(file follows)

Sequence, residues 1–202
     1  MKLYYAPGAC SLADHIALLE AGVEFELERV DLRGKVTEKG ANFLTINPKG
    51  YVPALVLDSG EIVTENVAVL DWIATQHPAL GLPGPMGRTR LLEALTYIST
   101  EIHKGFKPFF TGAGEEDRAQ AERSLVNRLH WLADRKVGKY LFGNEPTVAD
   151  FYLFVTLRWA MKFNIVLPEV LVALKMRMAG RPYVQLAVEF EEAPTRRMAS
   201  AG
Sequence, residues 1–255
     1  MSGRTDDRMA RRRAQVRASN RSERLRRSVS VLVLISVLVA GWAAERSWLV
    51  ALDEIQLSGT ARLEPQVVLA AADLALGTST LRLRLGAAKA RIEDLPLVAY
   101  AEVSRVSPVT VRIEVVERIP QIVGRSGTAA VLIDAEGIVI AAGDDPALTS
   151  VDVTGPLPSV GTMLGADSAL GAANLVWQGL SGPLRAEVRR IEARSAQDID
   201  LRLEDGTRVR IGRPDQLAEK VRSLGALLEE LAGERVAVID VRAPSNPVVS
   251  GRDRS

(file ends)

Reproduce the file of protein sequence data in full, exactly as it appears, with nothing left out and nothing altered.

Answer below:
Sequence, residues 1–202
     1  MKLYYAPGAC SLADHIALLE AGVEFELERV DLRGKVTEKG ANFLTINPKG
    51  YVPALVLDSG EIVTENVAVL DWIATQHPAL GLPGPMGRTR LLEALTYIST
   101  EIHKGFKPFF TGAGEEDRAQ AERSLVNRLH WLADRKVGKY LFGNEPTVAD
   151  FYLFVTLRWA MKFNIVLPEV LVALKMRMAG RPYVQLAVEF EEAPTRRMAS
   201  AG
Sequence, residues 1–255
     1  MSGRTDDRMA RRRAQVRASN RSERLRRSVS VLVLISVLVA GWAAERSWLV
    51  ALDEIQLSGT ARLEPQVVLA AADLALGTST LRLRLGAAKA RIEDLPLVAY
   101  AEVSRVSPVT VRIEVVERIP QIVGRSGTAA VLIDAEGIVI AAGDDPALTS
   151  VDVTGPLPSV GTMLGADSAL GAANLVWQGL SGPLRAEVRR IEARSAQDID
   201  LRLEDGTRVR IGRPDQLAEK VRSLGALLEE LAGERVAVID VRAPSNPVVS
   251  GRDRS